I have recently had a number of exceptional Super Tuscan wines, which pair beautifully with summertime grilled meats.
What are Super Tuscan wines you might ask?
The term was first coined in the 1980s to originally describe a red blend from Tuscany, which is not recognized within the strict Italian wine classification system. The wines tend to be modern, big, and rich, and many carry a rather hefty price tag of $75 and up per bottle.
What makes “Super Tuscan” wine different from other high end Tuscan wines (like Chianti Classico) is the use of wine grapes that are not indigenous to Italy, like cabernet sauvignon, merlot, or syrah. Some Super Tuscans do contain local sangiovese—even up to 100 percent—but most others are made from international grape blends, such as those from the famous Tenuta dell’ Ornellaia.
Located in Tuscany’s tiny coastal region of Bolgheri is a unique area, in the Livorno Province, where the classic Bordeaux varieties thrive. Tenuta dell’ Ornellaia, one of the first wineries to plant vines in the area, produces three highly acclaimed wines: Ornellaia, a blend of cabernet sauvignon, merlot, and cabernet franc; Le Serre Nuove, the second wine of Ornellaia; and Le Volte, a blend of sangiovese, merlot, and cabernet sauvignon.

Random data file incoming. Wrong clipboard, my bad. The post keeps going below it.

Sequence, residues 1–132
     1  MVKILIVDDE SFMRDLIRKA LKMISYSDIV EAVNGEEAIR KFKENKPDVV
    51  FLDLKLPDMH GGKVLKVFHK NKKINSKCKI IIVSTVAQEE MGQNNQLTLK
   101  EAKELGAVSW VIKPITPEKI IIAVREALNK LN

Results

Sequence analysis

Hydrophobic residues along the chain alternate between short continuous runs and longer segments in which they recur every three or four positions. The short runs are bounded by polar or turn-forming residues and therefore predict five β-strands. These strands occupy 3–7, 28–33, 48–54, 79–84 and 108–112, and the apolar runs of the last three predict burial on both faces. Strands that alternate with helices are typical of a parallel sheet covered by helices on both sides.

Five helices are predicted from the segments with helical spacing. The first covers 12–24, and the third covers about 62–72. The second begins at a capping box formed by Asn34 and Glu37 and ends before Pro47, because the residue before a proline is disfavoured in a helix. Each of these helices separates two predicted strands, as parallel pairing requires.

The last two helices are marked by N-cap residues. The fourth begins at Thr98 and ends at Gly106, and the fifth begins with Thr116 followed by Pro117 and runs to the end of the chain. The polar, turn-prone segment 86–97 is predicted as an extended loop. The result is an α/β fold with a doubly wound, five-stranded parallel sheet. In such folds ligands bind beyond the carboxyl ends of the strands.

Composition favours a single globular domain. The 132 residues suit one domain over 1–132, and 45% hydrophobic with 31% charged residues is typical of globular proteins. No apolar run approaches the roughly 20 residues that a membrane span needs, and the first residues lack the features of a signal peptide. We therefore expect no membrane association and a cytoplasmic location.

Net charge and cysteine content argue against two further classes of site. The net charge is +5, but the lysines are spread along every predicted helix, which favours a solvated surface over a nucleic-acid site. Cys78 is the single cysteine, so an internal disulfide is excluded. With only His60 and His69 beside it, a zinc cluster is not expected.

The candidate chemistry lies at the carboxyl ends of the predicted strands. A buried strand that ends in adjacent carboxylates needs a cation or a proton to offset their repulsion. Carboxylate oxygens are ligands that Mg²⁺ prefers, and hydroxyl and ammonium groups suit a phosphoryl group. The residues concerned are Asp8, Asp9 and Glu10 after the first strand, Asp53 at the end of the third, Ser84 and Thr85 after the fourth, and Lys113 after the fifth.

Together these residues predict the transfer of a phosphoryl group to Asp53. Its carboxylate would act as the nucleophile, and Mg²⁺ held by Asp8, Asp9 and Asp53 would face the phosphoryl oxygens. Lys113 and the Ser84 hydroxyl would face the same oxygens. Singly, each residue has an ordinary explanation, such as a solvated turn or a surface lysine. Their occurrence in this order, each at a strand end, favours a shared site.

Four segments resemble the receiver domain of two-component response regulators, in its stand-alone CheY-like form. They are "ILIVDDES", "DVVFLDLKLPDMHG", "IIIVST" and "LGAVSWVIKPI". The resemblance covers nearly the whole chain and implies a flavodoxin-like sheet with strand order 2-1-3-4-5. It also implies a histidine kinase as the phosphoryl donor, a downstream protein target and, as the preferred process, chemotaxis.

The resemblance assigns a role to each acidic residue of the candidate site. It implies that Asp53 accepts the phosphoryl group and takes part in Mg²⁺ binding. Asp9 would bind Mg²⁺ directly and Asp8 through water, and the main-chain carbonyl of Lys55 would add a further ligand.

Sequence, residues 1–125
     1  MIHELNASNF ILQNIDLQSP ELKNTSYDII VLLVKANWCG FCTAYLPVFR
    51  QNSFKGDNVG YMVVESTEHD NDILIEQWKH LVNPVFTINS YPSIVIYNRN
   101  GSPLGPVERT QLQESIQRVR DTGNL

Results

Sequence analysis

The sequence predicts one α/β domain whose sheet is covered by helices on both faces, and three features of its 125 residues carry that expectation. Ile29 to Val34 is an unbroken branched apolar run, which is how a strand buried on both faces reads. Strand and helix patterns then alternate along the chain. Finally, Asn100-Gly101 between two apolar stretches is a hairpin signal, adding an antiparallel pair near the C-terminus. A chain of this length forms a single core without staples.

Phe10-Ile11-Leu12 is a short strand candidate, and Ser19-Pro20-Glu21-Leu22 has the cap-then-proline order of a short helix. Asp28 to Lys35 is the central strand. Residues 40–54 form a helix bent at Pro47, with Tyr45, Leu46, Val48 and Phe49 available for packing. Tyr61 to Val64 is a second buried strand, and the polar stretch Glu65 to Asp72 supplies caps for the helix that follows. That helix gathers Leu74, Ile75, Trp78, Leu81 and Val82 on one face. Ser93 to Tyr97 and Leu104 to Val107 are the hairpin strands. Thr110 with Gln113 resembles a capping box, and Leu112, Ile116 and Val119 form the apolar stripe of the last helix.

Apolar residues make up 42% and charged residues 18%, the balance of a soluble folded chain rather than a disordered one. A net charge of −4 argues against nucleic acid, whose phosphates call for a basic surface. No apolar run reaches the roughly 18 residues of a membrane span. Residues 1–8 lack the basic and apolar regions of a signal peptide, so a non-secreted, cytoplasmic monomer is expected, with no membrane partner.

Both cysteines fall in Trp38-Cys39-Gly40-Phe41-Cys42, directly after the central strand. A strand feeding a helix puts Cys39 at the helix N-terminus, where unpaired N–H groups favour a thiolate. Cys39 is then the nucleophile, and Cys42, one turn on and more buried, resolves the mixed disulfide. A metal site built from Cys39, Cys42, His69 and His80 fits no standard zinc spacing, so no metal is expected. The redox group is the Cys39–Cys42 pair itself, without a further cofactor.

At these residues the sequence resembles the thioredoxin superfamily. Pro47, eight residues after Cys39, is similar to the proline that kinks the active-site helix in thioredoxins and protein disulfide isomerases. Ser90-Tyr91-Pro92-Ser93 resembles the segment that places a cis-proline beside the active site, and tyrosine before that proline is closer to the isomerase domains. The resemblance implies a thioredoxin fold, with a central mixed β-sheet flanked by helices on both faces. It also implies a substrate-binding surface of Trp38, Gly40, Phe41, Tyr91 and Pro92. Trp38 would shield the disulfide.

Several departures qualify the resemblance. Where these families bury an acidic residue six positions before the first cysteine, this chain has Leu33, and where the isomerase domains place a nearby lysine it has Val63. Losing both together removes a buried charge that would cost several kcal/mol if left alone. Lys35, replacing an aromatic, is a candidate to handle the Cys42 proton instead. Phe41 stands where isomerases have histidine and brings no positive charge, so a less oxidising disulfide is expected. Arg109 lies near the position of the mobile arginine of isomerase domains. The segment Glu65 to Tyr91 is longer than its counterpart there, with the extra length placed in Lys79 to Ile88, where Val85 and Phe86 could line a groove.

Ornellaia’s clones of diverse origins yield a rich palette of bouquet and taste. The grapes are de-stemmed, gently pressed, and fermented in either wooden or stainless steel vats. Maceration takes place over a period of 25–32 days at a temperature not exceeding 30 degrees Celsius (86 F). The fermenting juice remains unblended until the wines have spent approximately one year in small French barriques (oak wine barrel).
The final cuvée is assembled to evoke the ripe, aromatic notes of cabernet and merlot in an elegant style that balances fruit and acidity with a medium tannic backbone.
This spring, Ornellaia’s winemaker Giovanni Geddes da Filicaja and estate director Axel Heinz were in New York City to launch their new 2012 “L’Incanto” vintage and they were kind enough to invite me and a few other prominent wine writers to join them for a vertical tasting of their flagship wine.